Content courtesy of Children’s National Hospital.
It’s no secret that self-care is an important part of maintaining overall health. But finding the time to nourish their bodies, minds, and spirits can be a challenge for nurses.
“Nurses are trained to provide compassionate care for patients, yet we’re not trained in the compassion of caring for ourselves,” says Pam Ressler, MS, RN, HNB-BC, founder of StressResources.com in Concord, Mass.
Over the past two years, the COVID-19 pandemic has hit nurses especially hard. A recent survey conducted by the American Nurses Association (ANA), found that one out of three nurses reported not feeling emotionally healthy. Most reported feeling stressed (75%), frustrated (69%), and overwhelmed (62%).
In a news release, Kate Judge, ANA Executive Director, said “The data collected from this survey overwhelmingly demonstrates the need to provide consistent and comprehensive support for our nation’s nurses.”
Pam Ressler, RN
Ressler agrees, noting that self-care needs to start at the top with nurse leaders serving as role models for their staff, prioritizing their own self-care, and providing a supportive environment where nurses are encouraged to take regular breaks and lunches. Ressler regularly consults with healthcare leaders and others, teaching them how to cultivate “sustainable resilience.”
“One way to create more sustainable resilience is by cultivating mindful moments throughout your day,” Ressler said. “Look for the beauty in your surroundings. One of my favorite quotes is from the late writer, Lisa Bonchek Adams, who said, ‘Find a bit of beauty in the world today. If you can’t find it, create it.’”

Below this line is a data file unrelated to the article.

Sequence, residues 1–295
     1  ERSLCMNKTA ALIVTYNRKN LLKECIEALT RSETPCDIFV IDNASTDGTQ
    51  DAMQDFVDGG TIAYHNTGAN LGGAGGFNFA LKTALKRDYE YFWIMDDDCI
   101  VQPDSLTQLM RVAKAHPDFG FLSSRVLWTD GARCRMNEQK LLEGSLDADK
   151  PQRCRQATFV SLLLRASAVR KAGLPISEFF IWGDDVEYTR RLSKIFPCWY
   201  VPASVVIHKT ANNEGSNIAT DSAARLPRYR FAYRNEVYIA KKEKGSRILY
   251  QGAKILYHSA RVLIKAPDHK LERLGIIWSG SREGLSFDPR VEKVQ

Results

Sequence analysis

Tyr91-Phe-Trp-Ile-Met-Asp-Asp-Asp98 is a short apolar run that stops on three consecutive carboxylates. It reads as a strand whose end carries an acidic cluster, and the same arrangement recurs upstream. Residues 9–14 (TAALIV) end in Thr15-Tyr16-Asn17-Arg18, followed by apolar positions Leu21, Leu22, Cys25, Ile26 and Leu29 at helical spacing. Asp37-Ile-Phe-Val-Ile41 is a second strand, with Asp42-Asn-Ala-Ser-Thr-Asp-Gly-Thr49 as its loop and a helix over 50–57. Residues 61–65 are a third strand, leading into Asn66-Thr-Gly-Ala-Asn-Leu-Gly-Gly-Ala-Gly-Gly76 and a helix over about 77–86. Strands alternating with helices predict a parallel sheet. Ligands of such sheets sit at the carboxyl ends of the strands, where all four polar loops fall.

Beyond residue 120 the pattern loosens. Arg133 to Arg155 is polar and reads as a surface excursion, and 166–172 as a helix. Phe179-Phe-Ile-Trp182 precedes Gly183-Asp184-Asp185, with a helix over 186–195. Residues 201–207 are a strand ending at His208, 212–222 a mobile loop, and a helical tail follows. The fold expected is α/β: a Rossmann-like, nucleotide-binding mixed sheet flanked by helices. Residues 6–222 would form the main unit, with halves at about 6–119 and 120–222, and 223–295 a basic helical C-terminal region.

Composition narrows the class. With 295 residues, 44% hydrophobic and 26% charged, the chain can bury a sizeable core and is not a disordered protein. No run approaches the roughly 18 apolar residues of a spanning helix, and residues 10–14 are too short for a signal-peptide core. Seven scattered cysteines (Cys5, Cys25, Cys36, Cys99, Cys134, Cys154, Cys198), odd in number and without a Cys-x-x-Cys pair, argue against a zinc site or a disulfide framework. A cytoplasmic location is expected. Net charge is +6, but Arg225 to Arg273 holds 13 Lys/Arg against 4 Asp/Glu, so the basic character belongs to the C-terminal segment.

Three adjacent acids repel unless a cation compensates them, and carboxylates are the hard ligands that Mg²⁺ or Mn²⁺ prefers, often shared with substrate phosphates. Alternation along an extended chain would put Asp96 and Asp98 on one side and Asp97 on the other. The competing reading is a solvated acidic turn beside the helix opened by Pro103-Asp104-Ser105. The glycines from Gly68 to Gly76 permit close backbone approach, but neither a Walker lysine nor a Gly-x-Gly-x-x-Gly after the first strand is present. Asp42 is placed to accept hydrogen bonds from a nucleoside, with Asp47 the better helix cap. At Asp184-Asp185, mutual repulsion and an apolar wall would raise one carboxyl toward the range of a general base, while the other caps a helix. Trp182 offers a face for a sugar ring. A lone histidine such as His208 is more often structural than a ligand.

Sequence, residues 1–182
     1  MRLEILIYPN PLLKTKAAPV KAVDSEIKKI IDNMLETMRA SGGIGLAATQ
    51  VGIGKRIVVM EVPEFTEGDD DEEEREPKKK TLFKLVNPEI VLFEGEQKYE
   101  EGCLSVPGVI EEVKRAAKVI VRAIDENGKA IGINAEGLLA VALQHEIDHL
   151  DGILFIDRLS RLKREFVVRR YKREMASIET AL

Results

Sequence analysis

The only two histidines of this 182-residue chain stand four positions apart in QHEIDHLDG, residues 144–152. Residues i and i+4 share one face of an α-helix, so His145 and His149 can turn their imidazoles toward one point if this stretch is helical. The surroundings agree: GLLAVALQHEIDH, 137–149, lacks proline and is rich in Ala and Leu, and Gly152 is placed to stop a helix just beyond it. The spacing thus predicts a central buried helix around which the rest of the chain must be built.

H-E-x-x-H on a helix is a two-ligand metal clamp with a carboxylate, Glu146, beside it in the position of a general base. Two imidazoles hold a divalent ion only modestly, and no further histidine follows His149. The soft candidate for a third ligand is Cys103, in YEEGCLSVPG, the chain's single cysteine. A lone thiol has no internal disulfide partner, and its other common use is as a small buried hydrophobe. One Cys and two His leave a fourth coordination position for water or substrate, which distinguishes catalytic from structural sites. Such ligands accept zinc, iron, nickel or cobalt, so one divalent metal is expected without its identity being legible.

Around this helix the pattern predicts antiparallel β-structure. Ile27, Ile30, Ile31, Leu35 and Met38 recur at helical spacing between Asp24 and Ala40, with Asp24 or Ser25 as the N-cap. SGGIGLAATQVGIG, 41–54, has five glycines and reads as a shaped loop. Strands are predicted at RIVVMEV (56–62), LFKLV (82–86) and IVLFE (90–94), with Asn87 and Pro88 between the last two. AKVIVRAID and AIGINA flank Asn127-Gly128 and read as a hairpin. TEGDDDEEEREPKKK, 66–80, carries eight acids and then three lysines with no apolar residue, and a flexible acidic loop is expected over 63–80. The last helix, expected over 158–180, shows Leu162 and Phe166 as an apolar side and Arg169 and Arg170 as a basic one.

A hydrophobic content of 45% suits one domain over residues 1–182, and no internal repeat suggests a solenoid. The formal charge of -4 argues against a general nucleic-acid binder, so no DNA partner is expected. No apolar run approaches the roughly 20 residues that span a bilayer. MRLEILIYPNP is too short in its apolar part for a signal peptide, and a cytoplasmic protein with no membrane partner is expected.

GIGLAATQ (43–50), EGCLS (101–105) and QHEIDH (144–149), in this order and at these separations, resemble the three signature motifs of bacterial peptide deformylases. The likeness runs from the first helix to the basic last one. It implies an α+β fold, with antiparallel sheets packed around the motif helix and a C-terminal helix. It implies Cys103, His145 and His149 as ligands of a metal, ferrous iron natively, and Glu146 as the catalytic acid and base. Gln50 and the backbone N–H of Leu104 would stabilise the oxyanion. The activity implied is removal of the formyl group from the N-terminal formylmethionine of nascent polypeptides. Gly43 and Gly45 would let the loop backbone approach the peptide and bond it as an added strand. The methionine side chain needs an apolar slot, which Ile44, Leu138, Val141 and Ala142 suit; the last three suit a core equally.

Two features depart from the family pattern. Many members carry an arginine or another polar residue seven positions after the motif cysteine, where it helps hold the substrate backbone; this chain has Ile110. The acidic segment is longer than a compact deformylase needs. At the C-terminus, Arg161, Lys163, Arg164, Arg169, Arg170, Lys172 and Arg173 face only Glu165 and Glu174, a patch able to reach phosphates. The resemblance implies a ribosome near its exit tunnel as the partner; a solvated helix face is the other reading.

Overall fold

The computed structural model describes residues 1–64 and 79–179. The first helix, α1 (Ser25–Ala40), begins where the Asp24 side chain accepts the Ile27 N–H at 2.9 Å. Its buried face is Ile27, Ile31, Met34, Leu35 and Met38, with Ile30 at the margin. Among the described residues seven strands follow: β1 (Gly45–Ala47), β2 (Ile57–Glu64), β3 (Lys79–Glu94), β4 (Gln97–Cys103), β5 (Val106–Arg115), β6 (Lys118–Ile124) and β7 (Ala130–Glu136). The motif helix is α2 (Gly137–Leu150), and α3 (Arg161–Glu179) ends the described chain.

If finding time for self-care is difficult — as it often is for nurses — nurse experts recommend the following resources:
Lead by Example: In their book, “Human-Centered Leadership in Healthcare: Evolution of a Revolution,” authors Lucy Leclerc, PhD, RN, NPD-BC; Kay Kennedy, DNP, RN, NEA-BC, CPHQ; and Susan Campis, MSN, RN, NE-BC, discuss human-centered leadership, a concept that puts people first by making employee wellness a priority. The three tenets of human-centered leadership are empathy, vulnerability, and humility. The three nurses launched a company, uLeadership, that offers consulting, in-person workshops, and virtual workshops for nurses, including “Care for the Caregiver: It Starts with You.”
“One thing we found in our research is that there isn’t a leadership approach specific to health care,” Leclerc said. “We found that strong nursing leadership thrives on self-care — nurse leaders advocating for their own self-care and encouraging their nurses to do the same. That self-care then extends to their teams and subsequently their patients. That’s why one of our taglines is ‘It starts with you but it’s not about you.’” Leclerc said in a news release issued by Kennesaw State University.
The book offers guidance for nurse leaders on the value of “starting with self,” which includes practicing self-care, self-compassion, self-awareness, and mindfulness.
Practice Pam’s 1-5-7 Plan: Ressler put together a list of ideas ranging from choosing to be gentle with your body by spending five minutes each morning doing gentle stretches or connecting with your breathing. Nurse …read more
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